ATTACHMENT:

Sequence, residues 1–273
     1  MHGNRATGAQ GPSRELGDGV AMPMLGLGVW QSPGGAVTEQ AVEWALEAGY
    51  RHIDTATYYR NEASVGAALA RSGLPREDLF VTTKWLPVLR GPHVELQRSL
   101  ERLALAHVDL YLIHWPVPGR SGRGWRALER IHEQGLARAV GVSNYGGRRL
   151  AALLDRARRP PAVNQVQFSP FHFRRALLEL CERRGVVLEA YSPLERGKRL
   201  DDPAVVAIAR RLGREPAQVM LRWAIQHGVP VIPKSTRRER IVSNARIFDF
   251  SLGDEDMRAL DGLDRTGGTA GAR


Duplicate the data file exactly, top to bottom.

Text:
Sequence, residues 1–273
     1  MHGNRATGAQ GPSRELGDGV AMPMLGLGVW QSPGGAVTEQ AVEWALEAGY
    51  RHIDTATYYR NEASVGAALA RSGLPREDLF VTTKWLPVLR GPHVELQRSL
   101  ERLALAHVDL YLIHWPVPGR SGRGWRALER IHEQGLARAV GVSNYGGRRL
   151  AALLDRARRP PAVNQVQFSP FHFRRALLEL CERRGVVLEA YSPLERGKRL
   201  DDPAVVAIAR RLGREPAQVM LRWAIQHGVP VIPKSTRRER IVSNARIFDF
   251  SLGDEDMRAL DGLDRTGGTA GAR